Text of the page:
Budgets reflect priorities

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As I write this article it is in the final hours of the 2017 legislative session, and it is shaping up to look like the legislature will not complete their work on time. As cliché as it may sound, the majority party (GOP) is literally passing huge omnibus bills in the middle of the night, trying to shove bills through to beat the constitutional deadline.

As they repeat this process year after year, I often hear from typical Minnesotans: Why does it have to be that way? The answer is, it does not have to be that way.

The inner workings of a legislative session are incredibly complex, and it does not take long to learn that governing is far different than campaigning. End-of-session planning, especially in divided government, is a critical function of the leadership team in the majority party. You need to allow enough time at the end to physically process the final budget bills and that cannot occur until negotiations are completed. In a divided government, these negotiations can be a challenge to predict.

What is perhaps the most egregious example of poor time management came in early May, when the GOP passed an entire series of omnibus budget bills that were all destined for a veto by Gov. Dayton. Republicans knew this ahead of time and still elected to devote an entire week to this wasted effort.

In addition to what I can only describe as a time management failure, I am increasingly concerned about what this proposed budget will do to our state’s fiscal future. Spending in the next biennium is one thing, but when it creates a deficit in the following biennium (in this case, 2020-2021) it results in a lopsided balance sheet. This is irresponsible, and deficit spending into the future should not be considered. I remain hopeful that as the final negotiations wind down, Gov. Dayton stands on behalf of all Minnesotans to prevent this.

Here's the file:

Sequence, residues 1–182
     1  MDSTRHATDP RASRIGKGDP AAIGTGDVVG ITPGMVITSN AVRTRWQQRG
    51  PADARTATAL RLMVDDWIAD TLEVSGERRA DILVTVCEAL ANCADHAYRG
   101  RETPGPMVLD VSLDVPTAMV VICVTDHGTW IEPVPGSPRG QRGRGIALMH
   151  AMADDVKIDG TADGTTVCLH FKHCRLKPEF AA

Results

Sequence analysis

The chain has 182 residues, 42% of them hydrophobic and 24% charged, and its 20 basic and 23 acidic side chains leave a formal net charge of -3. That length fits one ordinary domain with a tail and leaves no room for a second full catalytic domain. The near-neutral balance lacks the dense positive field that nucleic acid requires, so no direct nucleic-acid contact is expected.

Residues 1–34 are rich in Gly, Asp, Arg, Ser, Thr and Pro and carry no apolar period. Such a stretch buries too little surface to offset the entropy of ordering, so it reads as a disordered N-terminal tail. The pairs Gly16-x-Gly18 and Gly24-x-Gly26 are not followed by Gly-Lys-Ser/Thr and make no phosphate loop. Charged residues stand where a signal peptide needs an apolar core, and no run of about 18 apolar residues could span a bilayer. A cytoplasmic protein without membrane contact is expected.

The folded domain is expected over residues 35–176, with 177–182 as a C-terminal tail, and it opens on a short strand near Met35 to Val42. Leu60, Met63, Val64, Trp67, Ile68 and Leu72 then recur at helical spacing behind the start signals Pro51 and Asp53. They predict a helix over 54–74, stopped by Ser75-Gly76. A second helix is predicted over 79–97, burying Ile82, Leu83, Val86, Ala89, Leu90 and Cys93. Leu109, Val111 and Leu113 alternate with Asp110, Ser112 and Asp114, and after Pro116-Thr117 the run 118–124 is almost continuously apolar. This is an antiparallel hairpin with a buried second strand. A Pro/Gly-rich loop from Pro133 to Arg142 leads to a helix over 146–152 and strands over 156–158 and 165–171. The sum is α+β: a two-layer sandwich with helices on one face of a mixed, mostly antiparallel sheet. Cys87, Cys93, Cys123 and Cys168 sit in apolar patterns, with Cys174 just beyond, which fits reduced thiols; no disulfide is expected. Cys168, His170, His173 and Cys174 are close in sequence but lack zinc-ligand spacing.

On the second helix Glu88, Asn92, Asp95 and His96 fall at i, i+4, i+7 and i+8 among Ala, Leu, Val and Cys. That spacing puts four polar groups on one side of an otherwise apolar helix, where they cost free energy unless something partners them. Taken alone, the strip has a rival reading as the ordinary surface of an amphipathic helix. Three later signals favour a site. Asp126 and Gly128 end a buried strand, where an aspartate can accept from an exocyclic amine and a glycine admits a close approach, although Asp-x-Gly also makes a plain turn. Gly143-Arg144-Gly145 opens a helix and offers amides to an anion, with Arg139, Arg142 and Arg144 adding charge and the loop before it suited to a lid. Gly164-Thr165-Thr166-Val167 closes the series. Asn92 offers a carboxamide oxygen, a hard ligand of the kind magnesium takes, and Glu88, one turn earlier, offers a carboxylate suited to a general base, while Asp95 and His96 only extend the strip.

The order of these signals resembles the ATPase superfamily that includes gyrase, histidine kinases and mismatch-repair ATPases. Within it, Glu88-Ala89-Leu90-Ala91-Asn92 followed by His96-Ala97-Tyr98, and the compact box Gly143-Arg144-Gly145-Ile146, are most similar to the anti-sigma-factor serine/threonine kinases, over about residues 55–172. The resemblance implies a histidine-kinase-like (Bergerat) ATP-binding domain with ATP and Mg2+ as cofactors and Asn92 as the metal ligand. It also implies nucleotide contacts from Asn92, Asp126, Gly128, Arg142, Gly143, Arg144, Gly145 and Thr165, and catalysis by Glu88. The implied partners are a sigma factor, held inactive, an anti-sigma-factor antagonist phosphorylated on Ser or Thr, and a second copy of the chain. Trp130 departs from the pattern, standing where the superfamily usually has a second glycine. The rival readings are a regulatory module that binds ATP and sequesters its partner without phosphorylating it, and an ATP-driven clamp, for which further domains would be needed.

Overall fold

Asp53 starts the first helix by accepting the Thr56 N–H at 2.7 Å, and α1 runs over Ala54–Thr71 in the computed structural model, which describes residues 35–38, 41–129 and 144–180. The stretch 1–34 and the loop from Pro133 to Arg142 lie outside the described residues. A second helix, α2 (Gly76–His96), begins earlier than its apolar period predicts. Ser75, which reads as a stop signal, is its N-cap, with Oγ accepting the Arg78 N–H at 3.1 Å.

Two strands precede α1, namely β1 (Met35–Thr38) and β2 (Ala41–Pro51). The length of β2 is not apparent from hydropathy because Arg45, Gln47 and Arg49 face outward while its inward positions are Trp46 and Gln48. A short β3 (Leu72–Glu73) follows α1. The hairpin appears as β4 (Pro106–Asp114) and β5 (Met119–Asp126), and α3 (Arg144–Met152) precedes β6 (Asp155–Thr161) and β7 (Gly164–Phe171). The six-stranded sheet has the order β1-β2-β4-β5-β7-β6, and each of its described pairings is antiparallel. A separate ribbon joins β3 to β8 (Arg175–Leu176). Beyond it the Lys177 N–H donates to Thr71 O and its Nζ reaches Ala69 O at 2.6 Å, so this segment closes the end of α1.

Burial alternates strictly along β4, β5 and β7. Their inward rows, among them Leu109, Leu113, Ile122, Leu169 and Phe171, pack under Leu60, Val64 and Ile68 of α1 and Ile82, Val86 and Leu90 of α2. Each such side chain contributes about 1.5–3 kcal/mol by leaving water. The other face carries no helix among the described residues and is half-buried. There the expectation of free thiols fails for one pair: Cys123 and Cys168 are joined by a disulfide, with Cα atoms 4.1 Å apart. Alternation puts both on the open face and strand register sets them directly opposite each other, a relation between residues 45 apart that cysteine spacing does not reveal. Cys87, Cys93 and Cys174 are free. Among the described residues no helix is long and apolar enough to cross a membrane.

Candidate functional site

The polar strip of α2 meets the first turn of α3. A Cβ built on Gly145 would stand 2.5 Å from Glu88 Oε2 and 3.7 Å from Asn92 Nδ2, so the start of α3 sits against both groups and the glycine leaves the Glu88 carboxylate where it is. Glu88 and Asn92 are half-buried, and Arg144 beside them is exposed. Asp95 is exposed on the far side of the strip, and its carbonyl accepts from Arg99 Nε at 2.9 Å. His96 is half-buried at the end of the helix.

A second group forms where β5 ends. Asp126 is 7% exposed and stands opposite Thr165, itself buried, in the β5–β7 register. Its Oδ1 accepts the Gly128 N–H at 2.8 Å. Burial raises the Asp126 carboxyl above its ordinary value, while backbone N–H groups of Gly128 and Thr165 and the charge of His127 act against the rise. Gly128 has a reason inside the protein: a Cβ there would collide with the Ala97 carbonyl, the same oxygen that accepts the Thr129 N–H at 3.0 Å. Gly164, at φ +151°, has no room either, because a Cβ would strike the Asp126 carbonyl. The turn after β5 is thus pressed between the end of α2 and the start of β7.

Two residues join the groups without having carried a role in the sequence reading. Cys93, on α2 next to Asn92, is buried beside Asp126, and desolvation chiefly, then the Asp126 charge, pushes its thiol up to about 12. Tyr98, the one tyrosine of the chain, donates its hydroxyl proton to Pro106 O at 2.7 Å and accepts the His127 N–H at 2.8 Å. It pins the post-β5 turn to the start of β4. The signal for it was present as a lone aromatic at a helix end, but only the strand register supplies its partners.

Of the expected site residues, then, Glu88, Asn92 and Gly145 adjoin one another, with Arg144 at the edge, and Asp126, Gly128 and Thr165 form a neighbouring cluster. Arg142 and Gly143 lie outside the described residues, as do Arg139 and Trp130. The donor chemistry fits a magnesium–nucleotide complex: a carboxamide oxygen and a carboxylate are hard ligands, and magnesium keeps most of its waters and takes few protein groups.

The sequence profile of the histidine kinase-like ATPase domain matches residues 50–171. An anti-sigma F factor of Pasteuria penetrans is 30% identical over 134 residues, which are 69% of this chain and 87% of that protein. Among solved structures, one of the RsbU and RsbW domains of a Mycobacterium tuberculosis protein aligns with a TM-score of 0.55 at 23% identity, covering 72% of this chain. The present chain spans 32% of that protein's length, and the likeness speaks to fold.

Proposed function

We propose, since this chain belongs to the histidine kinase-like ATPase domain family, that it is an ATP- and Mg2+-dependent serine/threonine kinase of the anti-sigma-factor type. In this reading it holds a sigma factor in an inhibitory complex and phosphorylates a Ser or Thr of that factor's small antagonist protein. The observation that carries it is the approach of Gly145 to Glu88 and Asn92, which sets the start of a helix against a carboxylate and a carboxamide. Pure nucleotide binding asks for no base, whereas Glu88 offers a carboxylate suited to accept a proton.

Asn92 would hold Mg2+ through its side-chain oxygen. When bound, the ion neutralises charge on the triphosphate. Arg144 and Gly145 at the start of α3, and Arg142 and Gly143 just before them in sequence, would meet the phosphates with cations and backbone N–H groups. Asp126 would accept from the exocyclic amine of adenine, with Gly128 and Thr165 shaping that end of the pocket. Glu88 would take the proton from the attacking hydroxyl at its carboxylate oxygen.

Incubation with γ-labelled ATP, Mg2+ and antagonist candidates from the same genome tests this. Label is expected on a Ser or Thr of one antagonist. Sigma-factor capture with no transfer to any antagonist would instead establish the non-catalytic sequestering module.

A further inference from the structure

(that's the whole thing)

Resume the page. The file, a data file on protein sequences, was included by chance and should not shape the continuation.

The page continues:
Most Duluthians are telling me to focus on fixing health care, jobs, public education and infrastructure. Unfortunately for many, these priorities were not met. We can, and we should do better. People expect to not have to go broke simply by paying health insurance premiums. Folks expect their kids, and their neighbor’s kids, to have access to quality public education, including an affordable higher education. Your average Minnesotans want to have decent roads, good drinking water, sewers that work, and they want the ability to find and keep a decent job.

Budgets reflect priorities. In this case, I think the GOP has it all wrong.